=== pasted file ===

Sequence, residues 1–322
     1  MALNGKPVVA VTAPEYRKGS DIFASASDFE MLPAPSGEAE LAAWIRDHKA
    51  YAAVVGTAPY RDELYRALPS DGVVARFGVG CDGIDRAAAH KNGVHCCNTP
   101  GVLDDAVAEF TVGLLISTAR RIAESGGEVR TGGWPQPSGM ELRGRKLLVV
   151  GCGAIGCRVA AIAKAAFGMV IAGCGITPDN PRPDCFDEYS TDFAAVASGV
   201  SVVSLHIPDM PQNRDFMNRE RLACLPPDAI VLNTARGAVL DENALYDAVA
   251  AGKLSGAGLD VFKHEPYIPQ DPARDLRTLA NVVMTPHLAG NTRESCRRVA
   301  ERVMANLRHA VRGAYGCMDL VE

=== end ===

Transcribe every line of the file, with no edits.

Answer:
Sequence, residues 1–322
     1  MALNGKPVVA VTAPEYRKGS DIFASASDFE MLPAPSGEAE LAAWIRDHKA
    51  YAAVVGTAPY RDELYRALPS DGVVARFGVG CDGIDRAAAH KNGVHCCNTP
   101  GVLDDAVAEF TVGLLISTAR RIAESGGEVR TGGWPQPSGM ELRGRKLLVV
   151  GCGAIGCRVA AIAKAAFGMV IAGCGITPDN PRPDCFDEYS TDFAAVASGV
   201  SVVSLHIPDM PQNRDFMNRE RLACLPPDAI VLNTARGAVL DENALYDAVA
   251  AGKLSGAGLD VFKHEPYIPQ DPARDLRTLA NVVMTPHLAG NTRESCRRVA
   301  ERVMANLRHA VRGAYGCMDL VE